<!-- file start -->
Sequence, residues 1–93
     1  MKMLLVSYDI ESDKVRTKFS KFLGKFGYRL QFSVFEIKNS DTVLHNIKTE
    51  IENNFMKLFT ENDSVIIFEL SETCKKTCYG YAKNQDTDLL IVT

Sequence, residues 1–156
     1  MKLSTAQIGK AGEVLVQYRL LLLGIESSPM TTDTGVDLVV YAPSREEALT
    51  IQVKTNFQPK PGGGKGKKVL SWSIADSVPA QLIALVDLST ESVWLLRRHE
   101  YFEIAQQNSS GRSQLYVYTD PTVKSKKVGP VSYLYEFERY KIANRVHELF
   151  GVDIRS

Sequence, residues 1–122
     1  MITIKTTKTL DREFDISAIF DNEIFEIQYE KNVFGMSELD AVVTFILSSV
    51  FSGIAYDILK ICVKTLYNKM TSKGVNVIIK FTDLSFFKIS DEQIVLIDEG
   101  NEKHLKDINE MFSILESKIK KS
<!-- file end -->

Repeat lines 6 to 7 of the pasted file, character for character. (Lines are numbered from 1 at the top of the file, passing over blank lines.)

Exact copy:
    51  IQVKTNFQPK PGGGKGKKVL SWSIADSVPA QLIALVDLST ESVWLLRRHE
   101  YFEIAQQNSS GRSQLYVYTD PTVKSKKVGP VSYLYEFERY KIANRVHELF